Drug-Eluting Introducer Sheath Prevents Local Peripheral Complications Pre-Clinical Evaluation of Nitric Oxide-Coated Sheath

Department of Cardiology, Medical University of Vienna, Vienna, Austria.
JACC. Cardiovascular Interventions (Impact Factor: 7.44). 01/2011; 4(1):98-106. DOI: 10.1016/j.jcin.2010.09.018
Source: PubMed

ABSTRACT This study evaluated the protective effect of nitric oxide-coating of introducer sheath on the local complications in juvenile porcine femoral arteries with similar size to human radial arteries.
Insertion of an introducer sheath induces vasospasm and transient or permanent vessel occlusion of radial arteries.
Nitric oxide-coated or control introducer sheaths with or without spasmolytic cocktail (control + C-sheath) were inserted into porcine femoral arteries, followed by percutaneous coronary intervention (PCI). The diameter of the femoral artery at the puncture site, distally and proximally, was measured by quantitative angiography. Histopathological and histomorphometric parameters of the femoral arteries were analyzed 1 h or 1 week after PCI.
Insertion of femoral sheath led to mild or severe spasms, with significantly higher vessel diameter at the access site (2.69 ± 0.81 mm vs. 1.77 ± 0.77 mm and 1.85 ± 0.66 mm, p < 0.001), and proximal and distal to it, during PCI in the nitric oxide-sheath group versus the control-sheath and control + C-sheath groups, respectively. Immediately following PCI, significantly less luminal thrombosis (12% vs. 33% and 31% of all analyzed segments, p < 0.001) was observed in the nitric oxide-sheath arteries. At 1 week, lower intimal inflammation score (0.43 ± 11 vs. 1.03 ± 0.35 and 1.04 ± 0.32, p < 0.05), less luminal thrombosis (8% vs. 21% and 30% p < 0.05), and smaller intimal hyperplasia (0.31 ± 0.31 mm(2) vs. 0.47 ± 1.00 mm(2) and 0.86 ± 0.82 mm(2), p < 0.05) were observed in NO-sheath arteries at the injury site.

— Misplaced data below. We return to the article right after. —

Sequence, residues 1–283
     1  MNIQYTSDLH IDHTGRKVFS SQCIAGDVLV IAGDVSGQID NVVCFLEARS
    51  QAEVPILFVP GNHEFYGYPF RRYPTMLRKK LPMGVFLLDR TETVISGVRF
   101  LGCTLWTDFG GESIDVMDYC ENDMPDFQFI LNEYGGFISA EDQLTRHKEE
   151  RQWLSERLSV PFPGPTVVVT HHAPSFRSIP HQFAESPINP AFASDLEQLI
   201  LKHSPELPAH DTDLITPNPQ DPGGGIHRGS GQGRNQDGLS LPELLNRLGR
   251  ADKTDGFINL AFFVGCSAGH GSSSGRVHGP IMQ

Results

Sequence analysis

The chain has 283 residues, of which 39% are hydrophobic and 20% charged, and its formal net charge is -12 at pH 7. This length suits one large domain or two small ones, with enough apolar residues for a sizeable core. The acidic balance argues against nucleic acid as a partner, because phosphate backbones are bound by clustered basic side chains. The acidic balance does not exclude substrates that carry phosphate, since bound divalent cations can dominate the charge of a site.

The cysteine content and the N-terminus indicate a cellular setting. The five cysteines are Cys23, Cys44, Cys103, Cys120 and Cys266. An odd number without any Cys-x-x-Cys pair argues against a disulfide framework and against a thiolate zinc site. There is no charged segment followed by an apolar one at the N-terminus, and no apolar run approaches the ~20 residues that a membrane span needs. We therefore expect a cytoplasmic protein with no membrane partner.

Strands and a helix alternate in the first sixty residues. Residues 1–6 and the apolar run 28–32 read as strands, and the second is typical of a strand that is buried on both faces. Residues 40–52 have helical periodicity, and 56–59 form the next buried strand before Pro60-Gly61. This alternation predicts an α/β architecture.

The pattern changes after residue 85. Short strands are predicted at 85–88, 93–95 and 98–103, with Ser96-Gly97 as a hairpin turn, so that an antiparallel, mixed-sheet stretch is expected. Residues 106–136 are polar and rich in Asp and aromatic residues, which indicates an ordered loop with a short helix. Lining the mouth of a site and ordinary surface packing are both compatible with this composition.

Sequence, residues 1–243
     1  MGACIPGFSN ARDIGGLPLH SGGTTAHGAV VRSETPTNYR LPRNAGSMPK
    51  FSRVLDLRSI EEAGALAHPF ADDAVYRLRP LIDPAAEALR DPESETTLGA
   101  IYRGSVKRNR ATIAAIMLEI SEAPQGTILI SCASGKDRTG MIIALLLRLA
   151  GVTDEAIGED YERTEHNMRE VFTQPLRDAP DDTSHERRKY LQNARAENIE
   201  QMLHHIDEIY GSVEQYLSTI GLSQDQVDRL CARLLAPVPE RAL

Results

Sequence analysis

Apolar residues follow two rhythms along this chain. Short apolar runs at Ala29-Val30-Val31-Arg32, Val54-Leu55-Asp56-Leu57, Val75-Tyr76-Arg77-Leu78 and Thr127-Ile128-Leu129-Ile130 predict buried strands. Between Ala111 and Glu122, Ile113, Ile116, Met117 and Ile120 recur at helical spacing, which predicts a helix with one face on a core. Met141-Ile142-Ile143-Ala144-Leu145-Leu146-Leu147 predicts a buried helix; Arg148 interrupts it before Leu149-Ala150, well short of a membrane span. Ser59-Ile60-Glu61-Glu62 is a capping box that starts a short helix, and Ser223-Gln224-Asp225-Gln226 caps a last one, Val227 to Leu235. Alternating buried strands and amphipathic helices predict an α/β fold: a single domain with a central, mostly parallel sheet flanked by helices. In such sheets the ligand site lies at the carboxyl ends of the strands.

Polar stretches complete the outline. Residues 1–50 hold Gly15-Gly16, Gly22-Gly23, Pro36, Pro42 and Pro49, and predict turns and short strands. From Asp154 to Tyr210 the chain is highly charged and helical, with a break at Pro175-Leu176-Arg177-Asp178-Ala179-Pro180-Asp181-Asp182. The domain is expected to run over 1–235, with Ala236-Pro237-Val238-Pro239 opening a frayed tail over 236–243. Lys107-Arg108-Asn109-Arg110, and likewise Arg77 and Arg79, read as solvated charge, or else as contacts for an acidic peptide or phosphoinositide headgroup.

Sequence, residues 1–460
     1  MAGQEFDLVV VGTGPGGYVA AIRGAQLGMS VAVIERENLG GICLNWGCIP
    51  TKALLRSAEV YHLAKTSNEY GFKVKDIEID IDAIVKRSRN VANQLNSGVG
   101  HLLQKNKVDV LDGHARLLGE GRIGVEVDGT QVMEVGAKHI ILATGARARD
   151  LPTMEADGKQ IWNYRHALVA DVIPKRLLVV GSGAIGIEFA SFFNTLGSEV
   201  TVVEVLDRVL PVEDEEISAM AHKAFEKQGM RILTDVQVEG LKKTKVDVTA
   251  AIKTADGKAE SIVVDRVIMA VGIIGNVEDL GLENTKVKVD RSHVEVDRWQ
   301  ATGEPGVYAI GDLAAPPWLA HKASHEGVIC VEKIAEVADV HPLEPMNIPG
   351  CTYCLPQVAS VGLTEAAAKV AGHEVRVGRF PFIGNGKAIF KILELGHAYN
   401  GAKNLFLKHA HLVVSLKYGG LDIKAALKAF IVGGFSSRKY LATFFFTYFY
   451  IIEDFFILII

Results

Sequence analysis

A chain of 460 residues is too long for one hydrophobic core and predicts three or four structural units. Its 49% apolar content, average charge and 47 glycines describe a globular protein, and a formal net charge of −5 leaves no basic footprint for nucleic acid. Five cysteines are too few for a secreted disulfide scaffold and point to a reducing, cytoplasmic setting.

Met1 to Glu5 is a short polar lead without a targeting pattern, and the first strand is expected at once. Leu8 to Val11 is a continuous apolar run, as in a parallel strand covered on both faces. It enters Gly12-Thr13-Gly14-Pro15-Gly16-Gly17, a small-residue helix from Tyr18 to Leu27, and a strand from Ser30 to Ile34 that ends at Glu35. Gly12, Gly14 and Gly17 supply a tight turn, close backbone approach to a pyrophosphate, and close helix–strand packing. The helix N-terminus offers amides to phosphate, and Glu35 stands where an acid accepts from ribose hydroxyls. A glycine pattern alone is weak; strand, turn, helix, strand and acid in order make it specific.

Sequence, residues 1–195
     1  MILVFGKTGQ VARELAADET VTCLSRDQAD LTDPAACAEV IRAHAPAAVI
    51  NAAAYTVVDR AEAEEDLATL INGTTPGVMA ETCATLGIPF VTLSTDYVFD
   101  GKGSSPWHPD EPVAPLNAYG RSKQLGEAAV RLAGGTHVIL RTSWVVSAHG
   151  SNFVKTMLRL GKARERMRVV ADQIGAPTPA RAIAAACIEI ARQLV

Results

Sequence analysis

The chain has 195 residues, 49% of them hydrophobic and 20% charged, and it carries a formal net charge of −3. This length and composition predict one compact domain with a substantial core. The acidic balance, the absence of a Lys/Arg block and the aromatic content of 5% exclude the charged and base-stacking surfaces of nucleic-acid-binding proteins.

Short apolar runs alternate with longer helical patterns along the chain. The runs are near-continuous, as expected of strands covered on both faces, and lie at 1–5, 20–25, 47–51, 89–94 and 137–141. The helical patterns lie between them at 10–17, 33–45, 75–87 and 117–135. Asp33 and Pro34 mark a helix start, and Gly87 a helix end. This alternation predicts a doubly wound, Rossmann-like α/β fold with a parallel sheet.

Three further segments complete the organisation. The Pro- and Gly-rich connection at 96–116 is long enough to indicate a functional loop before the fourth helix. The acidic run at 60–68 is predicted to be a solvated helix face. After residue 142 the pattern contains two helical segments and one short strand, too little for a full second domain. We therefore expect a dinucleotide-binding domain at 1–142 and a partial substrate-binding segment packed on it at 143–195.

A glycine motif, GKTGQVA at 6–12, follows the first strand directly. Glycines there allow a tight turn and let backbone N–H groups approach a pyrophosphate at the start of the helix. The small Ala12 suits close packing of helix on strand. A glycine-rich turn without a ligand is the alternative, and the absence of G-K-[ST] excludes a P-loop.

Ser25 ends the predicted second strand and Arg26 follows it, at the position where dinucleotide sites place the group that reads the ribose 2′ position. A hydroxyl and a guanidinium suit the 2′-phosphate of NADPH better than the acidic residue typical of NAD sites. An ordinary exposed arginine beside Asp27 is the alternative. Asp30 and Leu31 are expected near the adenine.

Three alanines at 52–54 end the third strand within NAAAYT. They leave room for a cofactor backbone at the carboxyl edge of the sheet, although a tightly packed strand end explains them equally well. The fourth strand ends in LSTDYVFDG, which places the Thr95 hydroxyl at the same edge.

Nitric oxide coating on the introducer sheath prevents local complications during PCI and results in less vascular thrombosis and inflammation at the access site, contributing to patency of the access vessel with similar size to the radial artery.

  • [Show abstract] [Hide abstract]
    ABSTRACT: Vascular intimal hyperplasia (IH) limits the long term efficacy of current surgical and percutaneous therapies for atherosclerotic disease. There are extensive changes in gene expression and cell signaling in response to vascular therapies, including changes in nitric oxide (NO) signaling. NO is well recognized for its vasoregulatory properties and has been investigated as a therapeutic treatment for its vasoprotective abilities. The circulating molecules nitrite (NO(2)(-)) and nitrate (NO(3)(-)), once thought to be stable products of NO metabolism, are now recognized as important circulating reservoirs of NO and represent a complementary source of NO in contrast to the classic L-arginine-NO-synthase pathway. Here we review the background of IH, its relationship with the NO and nitrite/nitrate pathways, and current and future therapeutic opportunities for these molecules.
    Nitric Oxide 04/2012; 26(4):285-94. DOI:10.1016/j.niox.2012.03.014 · 3.18 Impact Factor
  • [Show abstract] [Hide abstract]